Our nation is an amalgam of ideas from myriad perspectives. And those perspectives often get drowned out in a sea of ideology and noise (see: cable news).
This week, Zocalo Public Square, along with the Smithsonian, is asking what it means to be American. With essays and exhibits ranging from the patriotic to paternalistic, from purple mountains to brown ditches and plateaus.
On the Mixer this week, Joe Mathews, California Columnist for Zocalo, joined me to talk about their efforts to chronicle what Americans – born and/or bred – feel about the country and its values.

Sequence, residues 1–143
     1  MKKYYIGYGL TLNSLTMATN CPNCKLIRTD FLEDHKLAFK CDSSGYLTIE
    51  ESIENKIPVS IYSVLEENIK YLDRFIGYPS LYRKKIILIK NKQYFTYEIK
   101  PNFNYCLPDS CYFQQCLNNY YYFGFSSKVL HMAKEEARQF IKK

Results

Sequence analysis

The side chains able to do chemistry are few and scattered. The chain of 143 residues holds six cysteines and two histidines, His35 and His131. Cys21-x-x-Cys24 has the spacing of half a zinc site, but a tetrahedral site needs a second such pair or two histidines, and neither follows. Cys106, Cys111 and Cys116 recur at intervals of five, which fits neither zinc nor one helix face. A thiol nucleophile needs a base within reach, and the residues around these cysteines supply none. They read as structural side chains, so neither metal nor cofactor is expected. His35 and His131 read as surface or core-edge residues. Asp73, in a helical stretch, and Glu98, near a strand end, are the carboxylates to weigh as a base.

I also want to take a more journalistic view of this topic, and talk a bit more skeptically about the things that used to define us as Americans that seem to be waning, such as:
-Voting: 23% turnout in the last Los Angeles mayoral election
-Civil rights protections: Ferguson, Missouri and African-Americans who feel targeted by police
-Manufacturing: the loss of jobs in a country that defined production during the Industrial Revolution
Finally, America is known, of course, as a melting pot. But it’s also thrust its tentacles (and values) into societies around the world.
We’ve melted into other nations as well.
Is that good or bad?